Some email service providers require individual emails to be encrypted by clicking a button or using a portal. Since it is easy to forget to turn on encryption and accidentally send an unencrypted email, it is a better choice to encrypt all emails, not only those that contain ePHI. This will reduce the potential for human error.

The type of encryption used is also important. While previously Data Encryption Standard (DES) was considered secure, that is no longer the case. You should consult NIST for advice on suitable encryption standards. Currently AES 128, 192, or 256-bit encryption is recommended.

For many HIPAA-covered entities, especially smaller healthcare providers that do not have in-house IT staff to ensure their email is HIPAA-compliant, the use of a third-party HIPAA compliant email service provider is strongly recommended.

Research potential HIPAA compliant email service providers to ensure that they provide a service that is suitable for your requirements. A search on Google will produce several potential service providers.

Enter into a HIPAA-compliant business associate agreement with your email provider

If you use a third-party email provider, you should obtain a business associate agreement prior to using the service for sending ePHI. The business associate agreement outlines the responsibilities of the service provider and establishes that administrative, physical, and technical safeguards will be used to ensure the confidentiality, integrity and availability of ePHI.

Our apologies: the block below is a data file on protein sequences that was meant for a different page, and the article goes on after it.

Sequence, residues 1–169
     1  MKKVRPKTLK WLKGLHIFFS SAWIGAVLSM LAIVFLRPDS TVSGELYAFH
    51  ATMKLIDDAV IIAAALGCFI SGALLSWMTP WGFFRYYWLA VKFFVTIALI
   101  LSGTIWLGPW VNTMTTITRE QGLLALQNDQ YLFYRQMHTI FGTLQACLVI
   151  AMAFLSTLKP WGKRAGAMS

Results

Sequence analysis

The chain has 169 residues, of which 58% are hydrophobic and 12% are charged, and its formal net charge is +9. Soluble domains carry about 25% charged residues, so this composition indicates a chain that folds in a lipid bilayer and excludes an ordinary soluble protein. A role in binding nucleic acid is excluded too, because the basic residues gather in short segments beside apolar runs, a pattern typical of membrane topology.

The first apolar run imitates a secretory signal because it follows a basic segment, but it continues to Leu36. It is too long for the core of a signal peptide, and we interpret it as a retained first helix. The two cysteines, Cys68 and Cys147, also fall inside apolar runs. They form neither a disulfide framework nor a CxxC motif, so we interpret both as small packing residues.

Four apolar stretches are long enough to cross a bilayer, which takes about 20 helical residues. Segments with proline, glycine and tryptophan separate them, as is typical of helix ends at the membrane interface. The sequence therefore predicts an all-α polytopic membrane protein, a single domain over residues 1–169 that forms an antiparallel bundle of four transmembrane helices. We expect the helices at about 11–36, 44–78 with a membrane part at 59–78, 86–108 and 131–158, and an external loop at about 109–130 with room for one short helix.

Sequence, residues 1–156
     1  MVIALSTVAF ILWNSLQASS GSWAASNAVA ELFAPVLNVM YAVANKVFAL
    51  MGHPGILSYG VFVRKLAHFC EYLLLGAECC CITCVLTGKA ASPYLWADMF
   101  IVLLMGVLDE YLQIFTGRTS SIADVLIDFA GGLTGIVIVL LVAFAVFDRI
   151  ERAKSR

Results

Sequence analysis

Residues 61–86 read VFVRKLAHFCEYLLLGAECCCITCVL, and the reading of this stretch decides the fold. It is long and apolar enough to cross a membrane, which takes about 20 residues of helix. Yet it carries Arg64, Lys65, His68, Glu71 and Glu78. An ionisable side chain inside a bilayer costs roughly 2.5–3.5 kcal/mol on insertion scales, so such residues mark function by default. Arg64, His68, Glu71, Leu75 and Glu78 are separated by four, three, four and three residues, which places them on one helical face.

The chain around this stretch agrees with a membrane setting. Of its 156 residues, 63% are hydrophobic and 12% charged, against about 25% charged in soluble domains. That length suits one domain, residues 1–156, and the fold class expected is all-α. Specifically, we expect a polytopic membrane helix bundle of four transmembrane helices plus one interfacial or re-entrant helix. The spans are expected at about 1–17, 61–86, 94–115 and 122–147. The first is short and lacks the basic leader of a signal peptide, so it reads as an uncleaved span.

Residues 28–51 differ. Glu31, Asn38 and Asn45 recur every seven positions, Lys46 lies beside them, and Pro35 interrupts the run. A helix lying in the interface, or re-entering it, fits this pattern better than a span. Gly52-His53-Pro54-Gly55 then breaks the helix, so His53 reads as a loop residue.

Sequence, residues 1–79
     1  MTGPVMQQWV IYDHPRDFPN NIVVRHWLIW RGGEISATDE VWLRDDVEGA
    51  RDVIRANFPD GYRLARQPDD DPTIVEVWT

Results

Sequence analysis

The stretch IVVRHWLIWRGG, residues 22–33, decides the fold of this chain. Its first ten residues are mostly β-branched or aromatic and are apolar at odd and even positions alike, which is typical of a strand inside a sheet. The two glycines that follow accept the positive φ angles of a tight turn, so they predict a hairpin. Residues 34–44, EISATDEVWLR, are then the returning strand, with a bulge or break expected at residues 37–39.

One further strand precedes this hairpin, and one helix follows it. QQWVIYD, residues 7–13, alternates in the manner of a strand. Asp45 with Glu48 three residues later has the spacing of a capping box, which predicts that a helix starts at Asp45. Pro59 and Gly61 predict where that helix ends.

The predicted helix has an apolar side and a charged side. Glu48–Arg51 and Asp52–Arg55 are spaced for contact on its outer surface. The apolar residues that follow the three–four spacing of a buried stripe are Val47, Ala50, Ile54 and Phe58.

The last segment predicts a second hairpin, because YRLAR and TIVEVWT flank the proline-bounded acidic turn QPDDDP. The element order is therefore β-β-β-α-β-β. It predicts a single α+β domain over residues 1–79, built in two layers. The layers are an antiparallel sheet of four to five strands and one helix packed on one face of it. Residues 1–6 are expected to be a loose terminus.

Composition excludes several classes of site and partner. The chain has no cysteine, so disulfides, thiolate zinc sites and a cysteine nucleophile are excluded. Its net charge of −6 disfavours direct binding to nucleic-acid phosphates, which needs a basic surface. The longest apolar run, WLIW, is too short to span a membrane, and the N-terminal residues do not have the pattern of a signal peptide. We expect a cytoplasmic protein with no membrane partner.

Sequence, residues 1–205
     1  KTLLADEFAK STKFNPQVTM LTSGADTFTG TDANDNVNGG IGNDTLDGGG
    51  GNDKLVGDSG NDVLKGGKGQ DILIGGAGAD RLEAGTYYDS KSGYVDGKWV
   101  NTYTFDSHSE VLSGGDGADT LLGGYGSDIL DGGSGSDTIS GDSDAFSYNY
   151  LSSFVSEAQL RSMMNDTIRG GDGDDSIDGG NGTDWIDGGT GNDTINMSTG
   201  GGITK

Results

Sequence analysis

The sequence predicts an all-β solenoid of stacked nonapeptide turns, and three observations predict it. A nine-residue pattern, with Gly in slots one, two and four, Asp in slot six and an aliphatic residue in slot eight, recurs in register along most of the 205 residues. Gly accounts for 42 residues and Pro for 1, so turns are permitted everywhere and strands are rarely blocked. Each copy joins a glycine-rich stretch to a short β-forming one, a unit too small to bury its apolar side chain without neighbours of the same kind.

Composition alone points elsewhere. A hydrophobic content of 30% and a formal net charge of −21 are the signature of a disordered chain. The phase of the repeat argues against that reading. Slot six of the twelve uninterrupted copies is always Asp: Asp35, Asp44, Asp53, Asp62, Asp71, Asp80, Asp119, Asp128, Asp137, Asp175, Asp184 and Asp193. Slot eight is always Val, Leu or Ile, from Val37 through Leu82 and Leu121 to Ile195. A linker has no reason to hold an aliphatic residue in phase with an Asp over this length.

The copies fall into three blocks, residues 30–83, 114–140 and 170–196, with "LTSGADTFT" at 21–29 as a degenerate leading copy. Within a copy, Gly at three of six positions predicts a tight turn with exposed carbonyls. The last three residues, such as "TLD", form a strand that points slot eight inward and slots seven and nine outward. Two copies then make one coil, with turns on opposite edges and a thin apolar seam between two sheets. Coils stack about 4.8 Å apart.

If an email service provider is not prepared to enter into a business associate agreement, you should look elsewhere. There are several email service providers who are prepared to sign a BAA to allow them to work with HIPAA-covered entities and their business associates.

Ensure your email is configured correctly

Even when a BAA is obtained, there are still risks associated with email and it is possible to fail to configure the email service correctly and violate HIPAA Rules. Simply using an email service that is covered by a BAA does not make your email HIPAA compliant.